This course provides students with a foundation in the design, implementation and management of database systems. This course will provide an illustration of the physical and logical representation of data using theory and practice. The concepts of Data Modeling, Normalization and the SQL language will be explored in depth followed by actual implementation in case studies and class projects. The students will also discuss the role of database technology in modern industry. The students will utilize the open source MySQL database for all in-class examples and projects.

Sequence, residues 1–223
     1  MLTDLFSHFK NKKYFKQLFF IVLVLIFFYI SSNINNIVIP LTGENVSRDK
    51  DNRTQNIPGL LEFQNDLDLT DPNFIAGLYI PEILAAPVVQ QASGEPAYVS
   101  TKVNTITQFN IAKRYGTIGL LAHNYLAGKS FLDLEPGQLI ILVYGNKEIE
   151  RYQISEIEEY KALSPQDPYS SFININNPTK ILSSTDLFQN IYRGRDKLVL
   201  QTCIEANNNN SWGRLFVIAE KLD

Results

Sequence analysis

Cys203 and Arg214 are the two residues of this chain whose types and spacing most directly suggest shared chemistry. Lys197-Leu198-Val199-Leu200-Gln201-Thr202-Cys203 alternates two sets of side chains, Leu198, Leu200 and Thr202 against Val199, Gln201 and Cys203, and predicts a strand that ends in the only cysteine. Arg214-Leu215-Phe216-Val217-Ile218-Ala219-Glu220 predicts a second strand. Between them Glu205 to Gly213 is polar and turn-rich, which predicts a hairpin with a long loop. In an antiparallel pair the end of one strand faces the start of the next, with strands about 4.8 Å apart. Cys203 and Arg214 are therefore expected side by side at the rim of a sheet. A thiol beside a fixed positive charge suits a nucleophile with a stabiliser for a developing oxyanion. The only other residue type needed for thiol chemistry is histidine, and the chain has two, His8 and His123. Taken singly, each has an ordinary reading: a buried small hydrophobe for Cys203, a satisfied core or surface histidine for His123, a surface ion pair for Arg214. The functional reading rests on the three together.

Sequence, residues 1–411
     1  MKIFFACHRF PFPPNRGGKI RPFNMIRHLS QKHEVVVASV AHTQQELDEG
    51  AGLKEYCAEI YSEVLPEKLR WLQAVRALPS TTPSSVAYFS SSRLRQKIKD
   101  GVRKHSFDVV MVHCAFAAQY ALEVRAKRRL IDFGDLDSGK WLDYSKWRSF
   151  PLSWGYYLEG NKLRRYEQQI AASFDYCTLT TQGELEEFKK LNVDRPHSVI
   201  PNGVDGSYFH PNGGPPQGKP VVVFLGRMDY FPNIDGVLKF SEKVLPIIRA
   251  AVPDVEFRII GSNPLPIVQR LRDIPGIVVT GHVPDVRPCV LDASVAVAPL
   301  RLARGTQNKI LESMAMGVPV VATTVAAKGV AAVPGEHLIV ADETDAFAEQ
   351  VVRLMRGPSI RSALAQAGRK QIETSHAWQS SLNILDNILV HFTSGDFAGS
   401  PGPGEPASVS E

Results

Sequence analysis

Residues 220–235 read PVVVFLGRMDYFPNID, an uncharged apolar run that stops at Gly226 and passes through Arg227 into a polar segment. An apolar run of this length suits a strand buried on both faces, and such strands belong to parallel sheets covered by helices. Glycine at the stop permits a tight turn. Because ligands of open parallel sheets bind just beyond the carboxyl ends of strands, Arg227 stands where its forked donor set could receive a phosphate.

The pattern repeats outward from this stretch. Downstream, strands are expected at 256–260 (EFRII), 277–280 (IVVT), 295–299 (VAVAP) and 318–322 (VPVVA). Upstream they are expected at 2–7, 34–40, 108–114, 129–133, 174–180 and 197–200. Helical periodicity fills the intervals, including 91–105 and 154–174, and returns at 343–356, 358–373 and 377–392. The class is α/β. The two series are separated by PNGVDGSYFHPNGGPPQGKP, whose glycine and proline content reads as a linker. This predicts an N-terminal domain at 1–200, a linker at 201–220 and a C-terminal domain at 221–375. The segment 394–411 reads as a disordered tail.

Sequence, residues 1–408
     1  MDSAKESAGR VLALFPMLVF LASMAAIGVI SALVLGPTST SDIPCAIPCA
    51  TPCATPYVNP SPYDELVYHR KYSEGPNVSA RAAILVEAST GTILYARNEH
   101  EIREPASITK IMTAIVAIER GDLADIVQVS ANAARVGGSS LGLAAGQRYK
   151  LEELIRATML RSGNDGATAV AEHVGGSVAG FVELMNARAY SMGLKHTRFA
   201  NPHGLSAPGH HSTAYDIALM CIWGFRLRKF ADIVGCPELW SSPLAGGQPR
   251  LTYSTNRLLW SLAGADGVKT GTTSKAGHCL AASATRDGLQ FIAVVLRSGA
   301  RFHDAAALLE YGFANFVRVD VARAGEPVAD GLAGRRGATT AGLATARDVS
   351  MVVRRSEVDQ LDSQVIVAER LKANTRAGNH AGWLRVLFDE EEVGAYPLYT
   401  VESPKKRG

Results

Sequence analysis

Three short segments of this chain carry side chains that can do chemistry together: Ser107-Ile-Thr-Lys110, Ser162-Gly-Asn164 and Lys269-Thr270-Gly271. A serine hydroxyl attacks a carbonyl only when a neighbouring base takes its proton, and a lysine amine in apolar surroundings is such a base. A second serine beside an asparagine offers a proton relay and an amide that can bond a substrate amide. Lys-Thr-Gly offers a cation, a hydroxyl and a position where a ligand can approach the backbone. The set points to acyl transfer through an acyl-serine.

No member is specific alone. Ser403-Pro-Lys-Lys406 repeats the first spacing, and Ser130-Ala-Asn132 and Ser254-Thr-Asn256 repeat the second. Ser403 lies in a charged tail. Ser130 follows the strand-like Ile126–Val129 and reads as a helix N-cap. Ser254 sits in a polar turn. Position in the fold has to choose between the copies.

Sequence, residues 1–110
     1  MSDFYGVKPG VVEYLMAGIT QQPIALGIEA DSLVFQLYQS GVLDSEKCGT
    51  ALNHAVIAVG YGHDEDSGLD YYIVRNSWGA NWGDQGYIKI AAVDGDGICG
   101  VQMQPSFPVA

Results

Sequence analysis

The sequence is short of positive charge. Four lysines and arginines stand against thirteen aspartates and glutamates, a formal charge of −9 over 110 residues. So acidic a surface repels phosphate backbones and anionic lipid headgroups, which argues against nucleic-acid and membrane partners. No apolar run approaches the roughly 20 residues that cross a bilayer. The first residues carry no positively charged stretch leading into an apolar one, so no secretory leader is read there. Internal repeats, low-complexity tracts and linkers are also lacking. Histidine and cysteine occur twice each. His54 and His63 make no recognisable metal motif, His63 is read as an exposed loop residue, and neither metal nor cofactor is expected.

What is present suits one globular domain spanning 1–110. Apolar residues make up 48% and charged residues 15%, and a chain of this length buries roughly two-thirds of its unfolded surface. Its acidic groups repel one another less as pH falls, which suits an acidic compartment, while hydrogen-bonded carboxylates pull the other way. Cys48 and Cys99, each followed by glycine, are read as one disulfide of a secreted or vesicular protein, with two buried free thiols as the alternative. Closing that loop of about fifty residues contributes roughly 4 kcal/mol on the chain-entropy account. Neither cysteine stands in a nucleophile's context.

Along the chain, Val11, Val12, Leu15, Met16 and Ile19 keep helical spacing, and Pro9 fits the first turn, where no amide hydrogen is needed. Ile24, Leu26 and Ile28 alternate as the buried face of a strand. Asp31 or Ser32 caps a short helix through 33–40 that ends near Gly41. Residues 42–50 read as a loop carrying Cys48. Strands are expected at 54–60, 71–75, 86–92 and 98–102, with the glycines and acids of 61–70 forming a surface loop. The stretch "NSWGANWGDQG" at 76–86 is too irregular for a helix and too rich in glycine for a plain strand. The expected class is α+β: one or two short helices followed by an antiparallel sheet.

Credits: 3

Student will learn how to prepare and evaluate system specifications, troubleshoot minor hardware problems, configure and install hardware, manage memory, maintain and optimize operating systems, and use diagnostic software.


Credits: 3

This course will introduce students to all aspects of the game development process. The course will begin with a brief history of the gaming industry and then delve into the specific design phases. Emphasis will be placed on the development of the design document and evaluating real world examples. Character design and storyboarding will be discussed as well as gaming genres and gaming consoles.


Credits: 3

Students are given the opportunity to apply human relations concepts and evaluate experience and observations. Social skills required in various occupational settings will be developed, emphasizing how appropriate personal attitudes lead to social and business success.


Credits: 3